Introducing Mrinal Sen

by Udayan Gupta

from Jump Cut, no. 12-13, 1976, pp. 9-10
copyright Jump Cut: A Review of Contemporary Media, 1976, 2004

To many Indian filmgoers today, Mrinal Sen is a cult hero. In the last five years, he has managed to transform a very commonplace film style into a socially relevant, politically committed cinema. For a long time, the Bengali cinema has been quite removed from social realism and relevance. Even Satyajit Ray, Bengal’s internationally famed director, has seemed content to portray India from the artist’s viewpoint—painting beautiful canvases devoid of any real analysis of India’s condition today. Ray has ignored the problems that are predominant in Indian society—poverty, economic exploitation and political repression. It is Mrinal Sen who has begun discussing these problems in a non­romantic manner, in a manner that is making Indian audiences sit up and take notice. He has faced obstacles: difficult producers, reluctant distributors, and, of course, a disapproving Censor Board. But he has managed to bypass them and is today the only Indian director who has been discussing contemporary political situations and analyzing them—in CALCUTTA-71, PADATIK, and in CHORUS.

Not everyone thinks highly of Mrinal Sen. To a lot of his critics, he is an opportunist, a filmmaker who is making films about politics and not political films. They feel that his commitment is not to a revolutionary cinema or to radical film, but to his continued existence as a filmmaker. How does he explain the contradiction between making films critical of the government and the establishment and being financed by that same government and the establishment?

The controversy will continue. In the meanwhile Mrinal Sen goes ahead with his films against heavy odds. Undeniably he will remain a commercial filmmaker, a filmmaker who has not been able to set up a viable alternative to what exists today, but his cinema is innovative. It is trying very hard to rid itself of commercial trappings and commerce-oriented formulas. For that matter, not all of Mrinal Sen’s films are Mrinal Sen per se. He owes a lot to Italian Neorealism and the New Wave French in his attempt to create a new cinema. He is trying to transform film from the purely mindless entertainment that it is in India into a medium that provokes and raises the level of audience consciousness.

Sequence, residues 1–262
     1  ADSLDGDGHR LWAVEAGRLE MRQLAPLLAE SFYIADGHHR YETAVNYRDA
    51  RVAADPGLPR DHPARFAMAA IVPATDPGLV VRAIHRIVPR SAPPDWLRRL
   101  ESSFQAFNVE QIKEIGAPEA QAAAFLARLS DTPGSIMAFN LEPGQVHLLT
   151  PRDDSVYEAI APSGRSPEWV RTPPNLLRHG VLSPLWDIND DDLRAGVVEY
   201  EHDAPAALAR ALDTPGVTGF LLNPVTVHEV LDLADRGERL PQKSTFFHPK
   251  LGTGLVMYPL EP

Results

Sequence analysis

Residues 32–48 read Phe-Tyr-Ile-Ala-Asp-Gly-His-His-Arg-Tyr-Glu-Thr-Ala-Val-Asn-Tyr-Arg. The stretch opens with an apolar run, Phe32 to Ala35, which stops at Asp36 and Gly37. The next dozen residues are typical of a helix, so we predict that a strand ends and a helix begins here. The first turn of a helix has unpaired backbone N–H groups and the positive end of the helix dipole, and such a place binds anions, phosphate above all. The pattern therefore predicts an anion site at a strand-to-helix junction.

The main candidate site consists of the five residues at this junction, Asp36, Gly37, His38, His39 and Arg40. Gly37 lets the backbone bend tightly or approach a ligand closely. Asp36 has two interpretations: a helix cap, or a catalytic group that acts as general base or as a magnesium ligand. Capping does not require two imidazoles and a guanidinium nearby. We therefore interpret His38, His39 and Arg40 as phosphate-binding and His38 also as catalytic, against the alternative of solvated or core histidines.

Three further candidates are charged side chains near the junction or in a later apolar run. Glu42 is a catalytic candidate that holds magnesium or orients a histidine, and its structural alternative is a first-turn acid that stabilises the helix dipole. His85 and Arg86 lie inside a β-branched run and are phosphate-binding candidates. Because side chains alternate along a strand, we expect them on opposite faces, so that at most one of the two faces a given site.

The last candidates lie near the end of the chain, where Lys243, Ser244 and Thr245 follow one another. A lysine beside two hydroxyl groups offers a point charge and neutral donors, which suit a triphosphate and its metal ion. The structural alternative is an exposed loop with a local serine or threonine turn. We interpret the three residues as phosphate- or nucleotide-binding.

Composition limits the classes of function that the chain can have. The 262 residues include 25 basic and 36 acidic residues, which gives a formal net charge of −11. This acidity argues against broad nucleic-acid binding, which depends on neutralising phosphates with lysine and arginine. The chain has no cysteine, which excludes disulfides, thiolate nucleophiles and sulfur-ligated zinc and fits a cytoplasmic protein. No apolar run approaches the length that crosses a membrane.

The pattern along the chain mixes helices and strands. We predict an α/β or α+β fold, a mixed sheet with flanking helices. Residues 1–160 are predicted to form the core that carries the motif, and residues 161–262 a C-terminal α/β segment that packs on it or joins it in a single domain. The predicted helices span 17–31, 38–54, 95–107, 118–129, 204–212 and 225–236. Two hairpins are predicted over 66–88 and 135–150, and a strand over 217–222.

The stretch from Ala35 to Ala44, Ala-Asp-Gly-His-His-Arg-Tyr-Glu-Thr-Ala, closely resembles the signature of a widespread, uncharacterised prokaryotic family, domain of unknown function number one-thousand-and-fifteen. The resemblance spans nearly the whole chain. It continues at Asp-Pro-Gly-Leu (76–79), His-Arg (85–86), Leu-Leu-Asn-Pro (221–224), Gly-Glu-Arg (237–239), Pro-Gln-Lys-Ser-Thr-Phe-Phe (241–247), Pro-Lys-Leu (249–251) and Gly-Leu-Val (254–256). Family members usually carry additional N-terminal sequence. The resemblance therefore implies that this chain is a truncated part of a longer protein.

It all started with BHUVAN SHOME, many films after he had made his first film, RAAT BHOR. BHUVAN SHOME is the story of an “honest” Indian bureaucrat, brought up in the best British tradition, who lives by a very strict code, a code that allows for no deviation. And yet by the end of the film, he has been corrupted. He accepts things as they are and is willing to let them be. He has decided to take a holiday and ends up in a railway station where there is a corrupt ticket collector whom he will have to discipline (he himself is a high railway official). But after partaking of the collector’s hospitality by staying at that man’s house, he suddenly realizes that he should let things stand as they are. Eventually, in the end, he seems to condone the actions of the collector by promoting him to a collector’s job in a bigger station, a station where there are more passengers and, consequently, more bribes. BHUVAN SHOME is one of the first times that an Indian filmmaker has tried to satirize the bureaucracy and Sen has done so extremely well.

After BHUVAN SHOME, Sen directed three films as part of what is now termed as the Calcutta trilogy: INTERVIEW, CALCUTTA-11, and PADATIK. INTERVIEW is a stylized film built around a very simple incident. A young unemployed Bengali manages to get a job interview in a mercantile firm through the help of an uncle who reminds him to wear a suit for the interview, something the man doesn't have. With great difficulty, he borrows one and takes it in for cleaning. There is a cleaner’s strike but he manages to retrieve his suit. Unfortunately, as he is taking it home, he gets caught in a massive street demonstration, and in the commotion he loses the suit. He does go to the interview, but, without a suit, he doesn't get the job. Sen’s film slowly but pointedly describes the colonial attitudes and norms that still exist in India and which are a major impediment to growth and development.

CALCUTTA-71 is a film in a completely different vein. It is a set of different stories on poverty and exploitation, set apart by time. The link is a young man, ageless and timeless, who observes quite passively, until the last episode when he himself is killed. The film begins with a family caught in their hut in the monsoon and trying to live through it with as much dignity as possible. Their reaction is passive without protest. But as the film develops, the characters’ reaction to their condition changes. And, in the last episode of the film, the young man who is the silent observer throughout reacts and is killed. CALCUTTA-71 is a jarring story, jarring becaus, it removes the veil of romanticism from India’s poverty. Satyajit Ray’s version of poverty is that it is a tragic human condition. Mrinal Sen’s is a little more stark and realistic—poverty is a product of exploitation and people’s inhumanity to people.